It is clear, almost a year after the Malaysian coup in March, there is now a plan to sideline Parliament permanently as a significant (let alone supreme) player in the country’s government: the objective being to restore the ‘good old ways’ where representation was mere window dressing and power-mongers fought over the spoils of office.
The 2021 budget, which the backdoor administration sought to push through by-passing Parliament altogether, declaring an egregious and bogus ‘State of Emergency’, is the present case in point.
Propagandised, naturally, as a Covid combatting series of proposals to help the Malaysian people, it is in fact a classic kleptocratic instrument, replete with bloated, woolly allocations to non-transparent causes.
Analysts who have waded though the weighty document say it is suspiciously optimistic on the projected revenues for 2021 to make way for massive increases in spending, which are purportedly in response to Covid. In fact, much of the cash is being directed at unspecified ‘development projects’ instead.
Public anger has already erupted over news about the slashing of medical budgets at the very time these increased spending projections in the name of Covid are being made and also over the diversions of huge sums into the revival of the UMNO government propaganda unit Jasa to push a message that doesn’t match reality.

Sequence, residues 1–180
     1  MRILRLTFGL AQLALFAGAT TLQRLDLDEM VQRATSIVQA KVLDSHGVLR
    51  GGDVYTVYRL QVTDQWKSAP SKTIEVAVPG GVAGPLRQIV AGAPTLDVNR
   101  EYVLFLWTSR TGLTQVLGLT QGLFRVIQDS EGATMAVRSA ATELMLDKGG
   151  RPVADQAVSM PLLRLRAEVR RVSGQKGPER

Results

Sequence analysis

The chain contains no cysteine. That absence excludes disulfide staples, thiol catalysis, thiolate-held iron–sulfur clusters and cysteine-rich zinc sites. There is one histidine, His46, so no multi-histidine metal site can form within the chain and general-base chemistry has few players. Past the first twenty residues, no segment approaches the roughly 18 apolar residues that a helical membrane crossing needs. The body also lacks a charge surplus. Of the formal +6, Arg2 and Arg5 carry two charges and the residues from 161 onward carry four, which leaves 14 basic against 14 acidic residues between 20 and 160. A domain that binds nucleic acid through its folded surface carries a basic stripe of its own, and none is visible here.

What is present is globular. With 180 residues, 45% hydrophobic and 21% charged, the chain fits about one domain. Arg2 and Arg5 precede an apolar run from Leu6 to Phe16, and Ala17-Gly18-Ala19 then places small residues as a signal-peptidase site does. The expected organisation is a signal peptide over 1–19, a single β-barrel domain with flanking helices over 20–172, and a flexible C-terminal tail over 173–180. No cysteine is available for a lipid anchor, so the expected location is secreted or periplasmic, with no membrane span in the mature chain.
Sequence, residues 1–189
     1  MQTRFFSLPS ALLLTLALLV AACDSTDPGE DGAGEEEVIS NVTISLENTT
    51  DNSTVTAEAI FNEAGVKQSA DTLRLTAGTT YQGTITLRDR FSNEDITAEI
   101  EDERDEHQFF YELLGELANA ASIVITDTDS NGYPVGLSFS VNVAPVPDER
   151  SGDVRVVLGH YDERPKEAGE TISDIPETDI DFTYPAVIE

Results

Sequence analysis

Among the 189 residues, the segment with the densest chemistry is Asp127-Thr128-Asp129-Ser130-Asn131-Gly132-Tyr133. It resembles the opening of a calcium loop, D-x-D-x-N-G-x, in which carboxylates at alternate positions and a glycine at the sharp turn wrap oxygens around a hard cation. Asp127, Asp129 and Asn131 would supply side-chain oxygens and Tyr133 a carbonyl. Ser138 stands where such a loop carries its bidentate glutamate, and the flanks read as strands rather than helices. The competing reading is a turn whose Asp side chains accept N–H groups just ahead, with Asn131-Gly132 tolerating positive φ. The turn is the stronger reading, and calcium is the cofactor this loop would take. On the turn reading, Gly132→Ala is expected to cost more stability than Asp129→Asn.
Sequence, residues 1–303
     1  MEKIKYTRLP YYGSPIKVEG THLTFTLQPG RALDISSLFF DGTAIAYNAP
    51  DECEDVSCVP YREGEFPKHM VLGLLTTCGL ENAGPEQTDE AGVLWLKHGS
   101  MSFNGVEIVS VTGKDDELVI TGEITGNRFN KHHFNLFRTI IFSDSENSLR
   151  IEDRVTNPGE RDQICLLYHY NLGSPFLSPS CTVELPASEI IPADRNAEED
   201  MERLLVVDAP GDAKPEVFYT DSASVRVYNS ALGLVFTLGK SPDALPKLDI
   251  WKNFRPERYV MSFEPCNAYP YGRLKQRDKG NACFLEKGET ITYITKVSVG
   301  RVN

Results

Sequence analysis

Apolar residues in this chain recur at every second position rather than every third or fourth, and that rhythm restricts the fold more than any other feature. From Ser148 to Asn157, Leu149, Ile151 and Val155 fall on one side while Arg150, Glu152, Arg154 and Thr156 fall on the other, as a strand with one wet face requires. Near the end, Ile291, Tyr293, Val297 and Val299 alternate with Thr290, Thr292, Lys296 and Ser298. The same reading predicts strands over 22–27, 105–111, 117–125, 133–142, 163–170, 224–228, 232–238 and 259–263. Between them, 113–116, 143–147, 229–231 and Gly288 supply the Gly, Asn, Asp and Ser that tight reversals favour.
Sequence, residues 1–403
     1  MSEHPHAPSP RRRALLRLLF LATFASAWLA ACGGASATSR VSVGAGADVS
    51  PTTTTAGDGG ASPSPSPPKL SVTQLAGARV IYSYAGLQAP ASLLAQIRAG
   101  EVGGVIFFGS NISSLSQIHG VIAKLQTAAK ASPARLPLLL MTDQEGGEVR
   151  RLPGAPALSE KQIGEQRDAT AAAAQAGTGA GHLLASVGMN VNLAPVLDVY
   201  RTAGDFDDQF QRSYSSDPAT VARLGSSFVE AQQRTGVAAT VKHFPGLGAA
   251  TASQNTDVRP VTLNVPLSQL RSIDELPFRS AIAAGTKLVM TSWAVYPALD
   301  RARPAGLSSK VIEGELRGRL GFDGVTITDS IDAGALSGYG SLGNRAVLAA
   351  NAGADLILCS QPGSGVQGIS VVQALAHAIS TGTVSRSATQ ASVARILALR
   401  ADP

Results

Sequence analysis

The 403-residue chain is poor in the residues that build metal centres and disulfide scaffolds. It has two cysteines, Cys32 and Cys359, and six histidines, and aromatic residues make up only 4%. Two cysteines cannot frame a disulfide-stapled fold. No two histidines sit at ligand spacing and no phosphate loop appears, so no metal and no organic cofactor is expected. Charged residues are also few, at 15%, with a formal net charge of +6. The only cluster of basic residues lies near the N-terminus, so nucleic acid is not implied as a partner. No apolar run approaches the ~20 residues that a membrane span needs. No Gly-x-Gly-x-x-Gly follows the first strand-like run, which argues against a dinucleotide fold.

It has already been rightly complained of that inflated spending plans are based on impossible revenue projections at a time when the country’s economy has been hit by Covid.
To balance his budget the palace chum, who has been appointed Finance Minister to the palace-appointed Prime Minister, is projecting that next year’s corporate and individual income tax receipts will be higher than pre-Covid in 2019.
PKR figures believe the figures are over-projected by RM15 billion for corporate tax and RM10 billion for income tax. “In 2019 individual taxes raised RM39 billion, however that included a RM6 billion one-off additional revenue through the tax amnesty passed that year. Yet at a time of rising unemployment they are projecting RM42 billion for next year”, the MP observed.
The unrealistic projections raise questions over the already inflated borrowing requirement proposed in this budget (to ‘tackle Covid’) which is currently set to RM85 billion plus to match the bloated spending plans – the likelihood is that to meet the spending side of the budget much more will need to be raised on the taxpayer.
So, what are the flashing red lights in the expenditure side of this massive 2021 budget pegged at a total of RM322.5 billion?
Opposition analysts (namely the MPs who were actually elected to govern at GE14) are concerned at the blatant abuse of the ‘Covid excuse’. The extra borrowing for next year is being raised supposedly to assist with the wage subsidies programme for those who have lost employment and to support necessary handouts to affected individuals and entities.
Typically the Malaysian government will borrow the norm RM50 billion in bond issuance, but this year the coup coalition intends to borrow RM85 billion for the year 2021 to balance its books ‘because of Covid’. That is RM35 billion more in borrowing this year, however the specified ‘Covid 19 Fund’ has only been allocated a sum of RM17 billion.
The remainder of the borrowed cash is being channelled to development expenditure for unspecified ‘development projects’ – RM18 billion of extra borrowed public money for which no adequate explanation has been given complain opposition MPs, who say the money ought to be spent on the genuine crisis needs of those suffering from Covid.